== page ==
Cubase control room as monitor controller ?

I want to use the control room in Cubase 6.5 as a monitor controller. I found out how to do this and it works great. However for final customizing the control room I like to ad some key commands.

I added these key commands so far:
In the folder Devices: ‘Control Room Mixer’ (Ctrl+F3) for opening the control room mixer
In the folder Control Room: ‘Switch: Speaker Select’ (Ctrl+Alt+Spacebar) to toggle between the speakersets
In the folder Control Room: ‘Switch: Dim Active’ (Ctrl+Alt+D) to switch DIM (dim signal) on/off

What I also try to get is a key command for the mono/stereo button (Cycle Downmix Preset Selection) but I can’t find the right one in the list in the Control room folder. Has anyone tried to do this before? Please let me know what to look for in the list.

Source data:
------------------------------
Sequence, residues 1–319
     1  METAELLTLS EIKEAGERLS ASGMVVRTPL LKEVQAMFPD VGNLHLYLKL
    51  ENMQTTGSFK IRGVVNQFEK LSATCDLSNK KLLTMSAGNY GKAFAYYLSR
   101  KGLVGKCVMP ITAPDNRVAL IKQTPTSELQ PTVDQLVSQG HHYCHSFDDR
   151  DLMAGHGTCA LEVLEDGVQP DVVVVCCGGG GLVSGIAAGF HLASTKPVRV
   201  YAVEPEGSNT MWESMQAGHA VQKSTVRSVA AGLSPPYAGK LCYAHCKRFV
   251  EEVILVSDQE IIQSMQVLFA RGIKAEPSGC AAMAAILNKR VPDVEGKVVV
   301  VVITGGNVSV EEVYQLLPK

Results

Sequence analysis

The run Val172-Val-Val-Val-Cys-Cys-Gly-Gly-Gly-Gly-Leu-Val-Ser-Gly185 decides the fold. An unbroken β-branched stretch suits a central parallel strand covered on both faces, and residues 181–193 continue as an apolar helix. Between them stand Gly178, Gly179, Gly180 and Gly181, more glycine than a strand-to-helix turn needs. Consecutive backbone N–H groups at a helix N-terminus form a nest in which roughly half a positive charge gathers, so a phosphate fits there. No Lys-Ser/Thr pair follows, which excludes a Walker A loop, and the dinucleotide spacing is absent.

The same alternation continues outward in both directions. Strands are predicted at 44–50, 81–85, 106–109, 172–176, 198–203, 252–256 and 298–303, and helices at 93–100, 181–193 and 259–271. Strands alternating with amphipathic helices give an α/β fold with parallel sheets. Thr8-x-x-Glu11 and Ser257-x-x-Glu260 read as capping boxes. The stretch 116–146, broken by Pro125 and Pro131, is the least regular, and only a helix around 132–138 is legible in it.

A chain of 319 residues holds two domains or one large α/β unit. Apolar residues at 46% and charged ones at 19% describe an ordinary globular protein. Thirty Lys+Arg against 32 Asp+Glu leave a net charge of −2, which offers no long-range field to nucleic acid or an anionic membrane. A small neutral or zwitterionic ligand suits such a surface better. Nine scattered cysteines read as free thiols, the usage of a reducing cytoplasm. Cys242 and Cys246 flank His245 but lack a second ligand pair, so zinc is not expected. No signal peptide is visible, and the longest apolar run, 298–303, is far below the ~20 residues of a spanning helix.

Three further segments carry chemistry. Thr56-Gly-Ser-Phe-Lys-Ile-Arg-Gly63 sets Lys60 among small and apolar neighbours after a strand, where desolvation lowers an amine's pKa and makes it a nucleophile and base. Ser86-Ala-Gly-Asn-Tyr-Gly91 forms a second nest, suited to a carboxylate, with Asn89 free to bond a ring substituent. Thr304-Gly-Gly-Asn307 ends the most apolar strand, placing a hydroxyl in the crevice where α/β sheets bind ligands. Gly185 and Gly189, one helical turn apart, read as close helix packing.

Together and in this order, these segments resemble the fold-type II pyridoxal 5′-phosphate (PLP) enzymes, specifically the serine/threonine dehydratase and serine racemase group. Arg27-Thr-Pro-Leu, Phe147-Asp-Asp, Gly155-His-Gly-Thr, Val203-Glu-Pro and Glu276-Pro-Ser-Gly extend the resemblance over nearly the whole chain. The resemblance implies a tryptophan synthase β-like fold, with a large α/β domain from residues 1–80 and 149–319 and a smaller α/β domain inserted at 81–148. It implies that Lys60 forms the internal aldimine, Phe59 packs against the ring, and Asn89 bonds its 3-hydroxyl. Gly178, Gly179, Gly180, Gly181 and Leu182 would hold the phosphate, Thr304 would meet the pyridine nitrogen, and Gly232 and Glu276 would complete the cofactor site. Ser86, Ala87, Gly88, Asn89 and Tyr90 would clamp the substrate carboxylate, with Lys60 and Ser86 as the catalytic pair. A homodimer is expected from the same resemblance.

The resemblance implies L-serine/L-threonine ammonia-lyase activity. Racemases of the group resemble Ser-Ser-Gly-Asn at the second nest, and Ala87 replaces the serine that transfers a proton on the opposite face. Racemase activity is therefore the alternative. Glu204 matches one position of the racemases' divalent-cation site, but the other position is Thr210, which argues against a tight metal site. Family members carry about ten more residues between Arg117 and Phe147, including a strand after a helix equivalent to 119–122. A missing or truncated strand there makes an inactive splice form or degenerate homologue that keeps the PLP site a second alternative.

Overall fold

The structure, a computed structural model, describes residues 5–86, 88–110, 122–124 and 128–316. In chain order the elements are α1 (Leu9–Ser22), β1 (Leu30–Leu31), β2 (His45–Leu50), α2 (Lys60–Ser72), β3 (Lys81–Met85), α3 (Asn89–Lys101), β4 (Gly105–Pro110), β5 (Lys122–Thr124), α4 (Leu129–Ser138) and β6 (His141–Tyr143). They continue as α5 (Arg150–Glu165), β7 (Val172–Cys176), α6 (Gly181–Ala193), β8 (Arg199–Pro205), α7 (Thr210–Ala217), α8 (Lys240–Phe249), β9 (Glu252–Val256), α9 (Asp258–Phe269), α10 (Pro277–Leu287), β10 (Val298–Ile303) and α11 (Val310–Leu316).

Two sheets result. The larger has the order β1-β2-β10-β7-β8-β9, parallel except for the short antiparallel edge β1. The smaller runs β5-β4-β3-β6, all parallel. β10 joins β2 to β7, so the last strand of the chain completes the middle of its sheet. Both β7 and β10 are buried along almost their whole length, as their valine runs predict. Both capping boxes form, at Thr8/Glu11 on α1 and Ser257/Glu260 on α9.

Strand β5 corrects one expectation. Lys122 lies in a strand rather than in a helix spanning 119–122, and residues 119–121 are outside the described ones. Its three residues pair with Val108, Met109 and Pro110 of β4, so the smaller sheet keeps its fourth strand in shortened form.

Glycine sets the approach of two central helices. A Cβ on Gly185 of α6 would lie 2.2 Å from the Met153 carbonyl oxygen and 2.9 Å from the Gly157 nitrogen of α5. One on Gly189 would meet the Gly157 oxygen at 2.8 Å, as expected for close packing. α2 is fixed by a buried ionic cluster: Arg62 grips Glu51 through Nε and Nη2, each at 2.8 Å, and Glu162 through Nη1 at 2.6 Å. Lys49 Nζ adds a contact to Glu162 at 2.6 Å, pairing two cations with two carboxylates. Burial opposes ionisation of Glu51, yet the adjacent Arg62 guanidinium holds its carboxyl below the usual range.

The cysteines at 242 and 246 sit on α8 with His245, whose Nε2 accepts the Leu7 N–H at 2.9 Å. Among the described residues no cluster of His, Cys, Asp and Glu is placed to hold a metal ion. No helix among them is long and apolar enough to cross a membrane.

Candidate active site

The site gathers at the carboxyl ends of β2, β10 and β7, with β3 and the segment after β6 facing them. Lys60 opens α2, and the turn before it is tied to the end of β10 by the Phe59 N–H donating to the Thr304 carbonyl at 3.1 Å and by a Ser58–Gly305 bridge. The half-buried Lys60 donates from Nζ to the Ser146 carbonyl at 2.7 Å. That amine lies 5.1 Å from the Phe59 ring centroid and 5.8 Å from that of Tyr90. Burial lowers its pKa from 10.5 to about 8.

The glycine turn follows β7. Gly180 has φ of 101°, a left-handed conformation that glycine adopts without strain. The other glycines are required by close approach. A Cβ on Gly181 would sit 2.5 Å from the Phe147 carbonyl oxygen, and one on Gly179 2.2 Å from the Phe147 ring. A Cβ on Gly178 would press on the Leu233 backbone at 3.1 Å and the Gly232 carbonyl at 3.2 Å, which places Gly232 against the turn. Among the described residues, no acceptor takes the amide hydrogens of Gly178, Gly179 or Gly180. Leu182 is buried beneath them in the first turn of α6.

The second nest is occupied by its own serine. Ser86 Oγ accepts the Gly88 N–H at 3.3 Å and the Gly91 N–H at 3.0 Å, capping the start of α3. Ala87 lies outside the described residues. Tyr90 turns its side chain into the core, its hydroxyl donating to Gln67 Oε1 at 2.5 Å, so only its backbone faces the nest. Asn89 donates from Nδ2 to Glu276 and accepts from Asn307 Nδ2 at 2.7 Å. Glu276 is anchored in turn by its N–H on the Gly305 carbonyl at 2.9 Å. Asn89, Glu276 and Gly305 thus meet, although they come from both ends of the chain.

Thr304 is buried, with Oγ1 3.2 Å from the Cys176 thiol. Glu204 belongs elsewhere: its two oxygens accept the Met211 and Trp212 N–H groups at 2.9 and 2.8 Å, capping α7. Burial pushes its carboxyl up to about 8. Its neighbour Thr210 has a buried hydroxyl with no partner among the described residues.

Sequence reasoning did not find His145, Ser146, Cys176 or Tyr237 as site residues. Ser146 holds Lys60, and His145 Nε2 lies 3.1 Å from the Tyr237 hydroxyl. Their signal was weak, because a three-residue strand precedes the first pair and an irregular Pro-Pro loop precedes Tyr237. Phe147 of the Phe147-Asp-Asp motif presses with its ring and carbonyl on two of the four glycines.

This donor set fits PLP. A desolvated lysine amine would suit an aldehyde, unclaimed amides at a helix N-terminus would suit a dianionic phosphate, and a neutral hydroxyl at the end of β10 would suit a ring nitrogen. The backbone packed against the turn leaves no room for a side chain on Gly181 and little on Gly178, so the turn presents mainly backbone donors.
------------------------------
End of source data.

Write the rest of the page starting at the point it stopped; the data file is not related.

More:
This way I am trying to get a good monitor controller ‘in the box’ instead of using a hardware one.


I have mine set…but, that’s what I remember it being (down mix cycle)…you also need to make a change to the default downmix, but that’s a side note…I’ll look next time I’m in the studio.

I have buttons on the MCU set for dim, mono, monitor off, and speaker select. After having issues with an inexpensive analog monitor controller, I opted for a DA (benchmark) with an analog volume knob…and configured Cubase to do all the rest. So, yes, it’s doable.

Good to read I am not the only trying to do this. Please have a look at your system and let me know what your DIM settings are.

Maybe configuring a midi controller for this is also a good idea.